Congratulations on committing to purchasing the best quality supplies you can afford. Now, it’s time to take a look at making the best fiber choices for your projects. Since I want to address knitting/crochet and needlepoint/embroidery, it’ll be easier to separate them into two different posts. That way, you’ll have the information for whichever technique you prefer — or both, if you’re a multi-crafter!
Info about choosing yarn (for knitters and crocheters) is below.
Stitchers, you can find tips for choosing the best fibers for your projects here.
Now, my friend, why don’t you fix yourself a nice cup of tea and let ‘s talk yarn choices…
You see a beautiful skein and immediately, you think – “Oooh!!!! I have to have that!” And you buy it. Now, what are you going to do with it? I know — it’s reeeaaaallly pretty and you’re sure you’ll find something to make, but there are several things to consider when matching yarn to a pattern.
Below are a few questions you’ll want to ask yourself first.
What is the purpose of the item you are knitting/crocheting?
You definitely want to keep in mind who you’re making the project for and how that person will wear it/use it. Is it a baby blanket or a sweater for a child? Then you’ll want to be sure that the yarn you choose is washable (preferably machine washable!) and sturdy. Is the person you’re making that scarf for sensitive to wool; do they live in a place where it never gets really cold (like Alabama!)? Perhaps a plant fiber, like linen or cotton, is the best choice.
Ask yourself what qualities you’re looking for in your finished project.
Does it need to be…
- washable/machine washable
- neutral in color
Once you’ve determined this, you’ll be better equipped to make decisions about the fiber content, weight and texture of the yarn, and last, but not least, color (my favorite part!).
What kind of fiber should I use for my project?
First, check the label to see what the yarn is made from and where it’s manufactured. (Without going off on a tangent too far, you should know that I’m a diligent proponent of ethically sourced and produced yarns, as well as “Made in the USA”.) Some yarns contain a combination of fibers, making the decision a little trickier, but you can always send me a note and ask for guidance if you’re unsure.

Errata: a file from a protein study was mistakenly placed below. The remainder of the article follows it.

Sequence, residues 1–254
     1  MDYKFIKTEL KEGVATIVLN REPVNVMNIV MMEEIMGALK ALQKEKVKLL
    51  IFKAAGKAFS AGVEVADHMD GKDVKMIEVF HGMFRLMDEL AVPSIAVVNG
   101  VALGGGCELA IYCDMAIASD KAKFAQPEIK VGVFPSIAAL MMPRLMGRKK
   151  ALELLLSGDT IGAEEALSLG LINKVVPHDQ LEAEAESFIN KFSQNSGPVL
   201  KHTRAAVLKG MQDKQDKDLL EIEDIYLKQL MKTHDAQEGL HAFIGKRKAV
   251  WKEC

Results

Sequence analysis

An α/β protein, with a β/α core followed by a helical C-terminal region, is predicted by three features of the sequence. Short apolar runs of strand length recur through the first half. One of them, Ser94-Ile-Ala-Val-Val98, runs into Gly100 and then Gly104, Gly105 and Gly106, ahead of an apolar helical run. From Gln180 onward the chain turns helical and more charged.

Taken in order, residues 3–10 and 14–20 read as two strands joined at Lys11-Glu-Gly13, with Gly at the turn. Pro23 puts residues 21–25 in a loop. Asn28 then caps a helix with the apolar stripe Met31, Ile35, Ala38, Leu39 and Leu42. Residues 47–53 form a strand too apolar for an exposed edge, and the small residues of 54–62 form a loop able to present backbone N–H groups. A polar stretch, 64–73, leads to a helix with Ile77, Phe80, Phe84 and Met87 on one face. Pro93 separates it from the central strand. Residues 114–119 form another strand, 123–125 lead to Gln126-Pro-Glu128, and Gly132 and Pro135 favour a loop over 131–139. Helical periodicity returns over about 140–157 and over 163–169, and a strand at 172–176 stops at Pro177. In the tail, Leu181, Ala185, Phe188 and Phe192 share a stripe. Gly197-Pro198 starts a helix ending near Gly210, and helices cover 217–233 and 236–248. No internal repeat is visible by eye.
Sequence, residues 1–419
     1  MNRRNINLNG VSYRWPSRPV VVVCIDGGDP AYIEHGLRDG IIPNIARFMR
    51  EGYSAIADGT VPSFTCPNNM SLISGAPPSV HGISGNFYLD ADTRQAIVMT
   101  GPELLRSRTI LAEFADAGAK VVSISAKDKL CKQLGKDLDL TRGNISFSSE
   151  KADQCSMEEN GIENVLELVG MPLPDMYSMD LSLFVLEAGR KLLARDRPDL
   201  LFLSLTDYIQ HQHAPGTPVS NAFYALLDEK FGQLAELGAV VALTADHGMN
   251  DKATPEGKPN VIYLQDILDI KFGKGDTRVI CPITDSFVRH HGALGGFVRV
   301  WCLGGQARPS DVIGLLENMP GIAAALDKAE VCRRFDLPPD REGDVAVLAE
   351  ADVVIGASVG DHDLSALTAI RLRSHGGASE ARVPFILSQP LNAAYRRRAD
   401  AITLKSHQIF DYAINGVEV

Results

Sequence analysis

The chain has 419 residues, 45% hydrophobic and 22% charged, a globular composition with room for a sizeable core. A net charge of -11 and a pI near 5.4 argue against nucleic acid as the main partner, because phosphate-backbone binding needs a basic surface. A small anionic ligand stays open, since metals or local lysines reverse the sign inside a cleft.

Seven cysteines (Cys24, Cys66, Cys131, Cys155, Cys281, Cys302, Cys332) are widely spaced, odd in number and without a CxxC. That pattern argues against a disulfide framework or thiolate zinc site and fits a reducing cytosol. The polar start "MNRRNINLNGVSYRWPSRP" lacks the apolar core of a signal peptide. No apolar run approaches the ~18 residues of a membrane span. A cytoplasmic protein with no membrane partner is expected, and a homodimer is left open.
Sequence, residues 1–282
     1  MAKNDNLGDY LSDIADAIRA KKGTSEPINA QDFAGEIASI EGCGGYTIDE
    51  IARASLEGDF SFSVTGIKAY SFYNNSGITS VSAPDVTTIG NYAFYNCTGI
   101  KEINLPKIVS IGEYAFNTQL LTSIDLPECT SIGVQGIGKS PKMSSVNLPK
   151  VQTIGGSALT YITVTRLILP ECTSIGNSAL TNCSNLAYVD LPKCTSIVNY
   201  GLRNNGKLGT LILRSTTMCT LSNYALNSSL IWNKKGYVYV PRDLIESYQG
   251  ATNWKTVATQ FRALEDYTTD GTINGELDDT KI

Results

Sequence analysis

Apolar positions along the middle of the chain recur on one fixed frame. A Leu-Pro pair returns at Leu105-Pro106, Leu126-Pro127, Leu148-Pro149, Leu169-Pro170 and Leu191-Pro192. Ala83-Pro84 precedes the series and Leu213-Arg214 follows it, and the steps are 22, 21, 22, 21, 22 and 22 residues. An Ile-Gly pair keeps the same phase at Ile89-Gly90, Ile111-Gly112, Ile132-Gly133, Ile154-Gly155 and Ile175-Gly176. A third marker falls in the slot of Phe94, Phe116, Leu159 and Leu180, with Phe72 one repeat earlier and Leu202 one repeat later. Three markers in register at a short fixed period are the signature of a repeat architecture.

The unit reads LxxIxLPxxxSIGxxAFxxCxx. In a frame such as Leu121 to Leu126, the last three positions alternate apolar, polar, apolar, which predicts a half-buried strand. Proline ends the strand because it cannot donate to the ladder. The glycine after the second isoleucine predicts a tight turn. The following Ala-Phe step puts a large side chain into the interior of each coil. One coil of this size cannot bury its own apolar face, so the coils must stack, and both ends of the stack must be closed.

Animal fibers, such as alpaca, angora, cashmere, llama, mohair, wool, yak, etc., are warm, have good elasticity and will hold their shape better than plant fibers. These characteristics make them a good choice for cold weather apparel and accessories – think sweaters, hats, scarves, mittens, and blankets.
Plant-based fibers, like cotton, hemp, and linen, are more rigid than their animal counterparts. They don’t hold their shape very well, but they don’t retain heat the way animal fibers do. That makes them a great choice for warm weather garments and accessories. They’re also terrific for home decor items. An extra bonus is that these fibers are quite durable and will hold up to repeated wear/use.
What about silk? Silk is a protein based fiber and it’s frequently blended with both animal and plant-based fibers to give them extra softness and sheen. Pure silk yarn is not only lusciously soft, it’s a feast for the eyes, too. It takes (and holds on to) dye in a manner that is unmatched, resulting in rich, lustrous colors. It’s a bit slippery to work with, though, and I usually only recommend it for accessories.